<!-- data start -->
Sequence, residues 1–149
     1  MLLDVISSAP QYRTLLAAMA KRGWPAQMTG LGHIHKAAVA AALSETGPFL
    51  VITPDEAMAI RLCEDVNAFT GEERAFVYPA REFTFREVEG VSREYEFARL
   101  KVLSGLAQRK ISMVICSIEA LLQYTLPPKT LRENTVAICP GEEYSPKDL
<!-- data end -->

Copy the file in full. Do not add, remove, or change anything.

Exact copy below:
Sequence, residues 1–149
     1  MLLDVISSAP QYRTLLAAMA KRGWPAQMTG LGHIHKAAVA AALSETGPFL
    51  VITPDEAMAI RLCEDVNAFT GEERAFVYPA REFTFREVEG VSREYEFARL
   101  KVLSGLAQRK ISMVICSIEA LLQYTLPPKT LRENTVAICP GEEYSPKDL